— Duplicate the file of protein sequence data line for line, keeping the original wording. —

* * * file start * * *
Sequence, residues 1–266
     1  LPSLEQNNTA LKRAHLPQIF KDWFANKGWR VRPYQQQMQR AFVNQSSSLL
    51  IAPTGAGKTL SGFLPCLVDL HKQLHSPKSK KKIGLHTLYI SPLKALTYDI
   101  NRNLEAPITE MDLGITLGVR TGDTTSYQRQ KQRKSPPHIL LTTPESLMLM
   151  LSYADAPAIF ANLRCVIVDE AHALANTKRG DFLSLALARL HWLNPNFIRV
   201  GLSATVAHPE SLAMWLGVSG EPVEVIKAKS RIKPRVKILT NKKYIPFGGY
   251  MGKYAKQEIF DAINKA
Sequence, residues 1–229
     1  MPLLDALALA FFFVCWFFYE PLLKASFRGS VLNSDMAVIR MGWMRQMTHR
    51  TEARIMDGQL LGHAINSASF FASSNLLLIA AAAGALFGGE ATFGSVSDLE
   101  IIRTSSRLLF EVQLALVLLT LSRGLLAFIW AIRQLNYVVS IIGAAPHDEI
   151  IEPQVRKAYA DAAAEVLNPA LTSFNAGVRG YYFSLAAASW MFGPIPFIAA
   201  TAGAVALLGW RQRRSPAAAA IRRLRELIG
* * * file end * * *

Sequence, residues 1–266
     1  LPSLEQNNTA LKRAHLPQIF KDWFANKGWR VRPYQQQMQR AFVNQSSSLL
    51  IAPTGAGKTL SGFLPCLVDL HKQLHSPKSK KKIGLHTLYI SPLKALTYDI
   101  NRNLEAPITE MDLGITLGVR TGDTTSYQRQ KQRKSPPHIL LTTPESLMLM
   151  LSYADAPAIF ANLRCVIVDE AHALANTKRG DFLSLALARL HWLNPNFIRV
   201  GLSATVAHPE SLAMWLGVSG EPVEVIKAKS RIKPRVKILT NKKYIPFGGY
   251  MGKYAKQEIF DAINKA
Sequence, residues 1–229
     1  MPLLDALALA FFFVCWFFYE PLLKASFRGS VLNSDMAVIR MGWMRQMTHR
    51  TEARIMDGQL LGHAINSASF FASSNLLLIA AAAGALFGGE ATFGSVSDLE
   101  IIRTSSRLLF EVQLALVLLT LSRGLLAFIW AIRQLNYVVS IIGAAPHDEI
   151  IEPQVRKAYA DAAAEVLNPA LTSFNAGVRG YYFSLAAASW MFGPIPFIAA
   201  TAGAVALLGW RQRRSPAAAA IRRLRELIG